The Lawsuits Keep Coming for Johnson & Johnson

After six of the biggest judgments in 2016, this year could be worse.
Photographer: Cristina Arias/Getty Images

Johnson & Johnson was hit with six of the seven largest product-defect verdicts of 2016, and 2017 could also wind up costing the company hundreds of millions of dollars, if not more.

The company is facing at least 17 trials in state and federal courts this year in cases blaming five J&J products for injuries and death. They follow trial losses on some of those products, including a $1 billion verdict against the company in December over hip implants and an earlier $72 million verdict over claims its talcum powder causes ovarian cancer.

While litigation is routine for drugmakers, including Johnson & Johnson—the total number of pending claims against the company is 100,000 and growing—the pileup of bad verdicts is rare. With $42 billion of cash on hand, analysts aren’t itching to change their buy ratings, says Jason McGorman, an analyst with Bloomberg Intelligence, but the mushrooming caseload combined with product recalls and little innovation have affected growth and earnings. “I think that has been part of what has weighed on J&J’s shares the past few years,” McGorman says. Jeff Jonas, a portfolio manager at Gabelli Funds LLC, says the verdicts have also caused some reputational damage.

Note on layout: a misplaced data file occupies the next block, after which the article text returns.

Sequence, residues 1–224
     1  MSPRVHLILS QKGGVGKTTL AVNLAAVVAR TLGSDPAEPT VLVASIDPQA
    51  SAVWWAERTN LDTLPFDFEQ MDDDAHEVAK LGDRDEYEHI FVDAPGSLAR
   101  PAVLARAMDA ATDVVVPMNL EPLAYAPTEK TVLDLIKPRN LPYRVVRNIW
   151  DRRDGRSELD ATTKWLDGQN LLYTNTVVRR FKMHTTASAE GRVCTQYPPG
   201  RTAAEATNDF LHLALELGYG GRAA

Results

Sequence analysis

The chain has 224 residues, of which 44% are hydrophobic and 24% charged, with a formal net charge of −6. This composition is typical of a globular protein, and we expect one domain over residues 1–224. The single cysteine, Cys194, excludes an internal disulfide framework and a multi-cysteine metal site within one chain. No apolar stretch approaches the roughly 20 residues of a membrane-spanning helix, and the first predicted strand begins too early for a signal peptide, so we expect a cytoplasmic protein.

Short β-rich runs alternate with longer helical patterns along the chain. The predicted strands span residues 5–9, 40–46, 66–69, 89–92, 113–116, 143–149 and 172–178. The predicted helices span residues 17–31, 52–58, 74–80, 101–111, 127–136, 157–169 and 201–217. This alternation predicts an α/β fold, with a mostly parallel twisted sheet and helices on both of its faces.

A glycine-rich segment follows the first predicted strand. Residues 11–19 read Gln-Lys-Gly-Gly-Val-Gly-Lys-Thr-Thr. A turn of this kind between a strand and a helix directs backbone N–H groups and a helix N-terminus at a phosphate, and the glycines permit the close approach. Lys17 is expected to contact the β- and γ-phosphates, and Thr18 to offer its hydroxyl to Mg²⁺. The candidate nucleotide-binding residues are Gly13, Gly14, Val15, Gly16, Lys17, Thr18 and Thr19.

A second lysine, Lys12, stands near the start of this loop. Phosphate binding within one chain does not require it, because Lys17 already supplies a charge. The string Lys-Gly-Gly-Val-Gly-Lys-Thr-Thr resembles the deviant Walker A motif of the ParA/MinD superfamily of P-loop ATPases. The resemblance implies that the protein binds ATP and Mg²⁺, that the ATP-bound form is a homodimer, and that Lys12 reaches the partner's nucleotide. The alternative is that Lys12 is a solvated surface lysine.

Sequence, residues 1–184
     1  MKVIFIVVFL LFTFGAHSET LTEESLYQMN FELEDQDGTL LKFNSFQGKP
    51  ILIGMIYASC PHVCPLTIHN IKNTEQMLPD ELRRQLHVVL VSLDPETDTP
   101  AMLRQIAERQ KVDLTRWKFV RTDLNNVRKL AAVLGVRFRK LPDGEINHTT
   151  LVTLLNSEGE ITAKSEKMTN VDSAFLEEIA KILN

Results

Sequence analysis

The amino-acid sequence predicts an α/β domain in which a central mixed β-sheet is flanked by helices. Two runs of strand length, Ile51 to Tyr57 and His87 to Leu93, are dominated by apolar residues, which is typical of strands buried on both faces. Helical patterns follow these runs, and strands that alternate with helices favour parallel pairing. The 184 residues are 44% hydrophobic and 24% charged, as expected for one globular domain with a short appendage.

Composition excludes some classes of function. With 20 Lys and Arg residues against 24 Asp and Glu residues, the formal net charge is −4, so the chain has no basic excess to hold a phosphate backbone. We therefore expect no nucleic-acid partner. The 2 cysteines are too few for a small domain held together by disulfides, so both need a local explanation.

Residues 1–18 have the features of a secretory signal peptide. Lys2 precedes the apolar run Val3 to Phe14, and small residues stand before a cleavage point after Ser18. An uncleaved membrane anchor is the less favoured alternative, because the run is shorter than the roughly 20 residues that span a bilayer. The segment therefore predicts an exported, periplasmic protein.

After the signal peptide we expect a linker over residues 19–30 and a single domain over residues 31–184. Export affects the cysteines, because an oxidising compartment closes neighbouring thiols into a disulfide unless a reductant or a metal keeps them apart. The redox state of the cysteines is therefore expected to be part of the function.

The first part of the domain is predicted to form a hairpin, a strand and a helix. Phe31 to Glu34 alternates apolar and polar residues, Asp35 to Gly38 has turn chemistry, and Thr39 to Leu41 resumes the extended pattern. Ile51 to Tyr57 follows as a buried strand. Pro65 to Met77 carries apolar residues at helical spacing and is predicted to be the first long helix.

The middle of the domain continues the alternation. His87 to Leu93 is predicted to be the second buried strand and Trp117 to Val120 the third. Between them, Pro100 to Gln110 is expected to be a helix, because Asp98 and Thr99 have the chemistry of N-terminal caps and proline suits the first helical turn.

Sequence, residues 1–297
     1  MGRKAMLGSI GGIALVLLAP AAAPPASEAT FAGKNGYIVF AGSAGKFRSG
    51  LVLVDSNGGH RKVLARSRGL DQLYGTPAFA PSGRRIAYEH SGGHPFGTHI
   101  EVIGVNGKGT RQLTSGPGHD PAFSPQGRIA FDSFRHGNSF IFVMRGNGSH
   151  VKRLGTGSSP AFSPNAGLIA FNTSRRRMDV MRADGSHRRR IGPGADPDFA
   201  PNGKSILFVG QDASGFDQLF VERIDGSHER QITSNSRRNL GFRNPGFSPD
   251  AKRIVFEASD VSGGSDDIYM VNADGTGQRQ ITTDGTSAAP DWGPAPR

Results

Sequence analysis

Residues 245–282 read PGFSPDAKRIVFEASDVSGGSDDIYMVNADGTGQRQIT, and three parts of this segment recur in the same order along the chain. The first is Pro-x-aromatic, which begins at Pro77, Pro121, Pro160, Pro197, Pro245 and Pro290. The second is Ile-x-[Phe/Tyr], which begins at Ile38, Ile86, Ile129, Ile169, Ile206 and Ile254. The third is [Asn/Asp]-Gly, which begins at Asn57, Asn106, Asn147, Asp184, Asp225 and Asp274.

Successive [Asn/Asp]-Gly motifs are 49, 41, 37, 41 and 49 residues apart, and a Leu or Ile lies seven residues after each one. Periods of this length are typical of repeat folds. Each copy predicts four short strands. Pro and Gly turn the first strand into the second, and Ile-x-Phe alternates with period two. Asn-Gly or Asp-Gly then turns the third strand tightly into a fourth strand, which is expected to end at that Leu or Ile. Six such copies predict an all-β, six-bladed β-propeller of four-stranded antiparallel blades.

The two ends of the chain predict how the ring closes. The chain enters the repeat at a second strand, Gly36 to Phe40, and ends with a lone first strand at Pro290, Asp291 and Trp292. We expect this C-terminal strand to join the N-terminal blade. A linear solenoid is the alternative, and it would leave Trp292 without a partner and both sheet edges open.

J&J disputes the claims in the suits and is fighting them, says spokeswoman Samantha Gilham. The coming cases include the first trials, starting in April, about claims that blood thinner Xarelto causes uncontrolled bleeding. In Philadelphia state court, at least three trials are set over allegations that the antipsychotic drug Risperdal causes boys to develop female breasts.

Two hip-implant verdicts last year, the aforementioned $1 billion suit and another for $500 million, were reduced by judges after trial. J&J is appealing those verdicts as well as the others of 2016. “We believe we have strong grounds for reversal,” Gilham says.

The real danger isn’t the losses or even the risk of this year’s trials, legal experts say. Rather, it’s that more bad verdicts could encourage others to file, raising the costs of fighting and settling.

Some of the trials will serve as test cases for what the company might have to pay. In December, J&J lost an appeal to throw out an $11.1 million award to a South Dakota woman who sued over the pain caused by the company’s vaginal mesh implant, used to strengthen weak pelvic muscles. Almost 55,000 claims over the mesh are pending in courts across the U.S. New cases over the various products at issue in all the trials are continually being filed, J&J said in a securities filing on Feb. 27.

Winning could lead plaintiffs to drop their cases and discourage new filings, while a continued losing streak would put J&J at risk for even bigger losses. “The initial strategy should always be to litigate vigorously, not give an inch or settle prematurely,” says Anthony Sabino, a law professor at St. John’s University.
 
—With Joel Rosenblatt

The bottom line: Snowballing product-defect cases could lead to more big verdicts and encourage additional suits against J&J in 2017.

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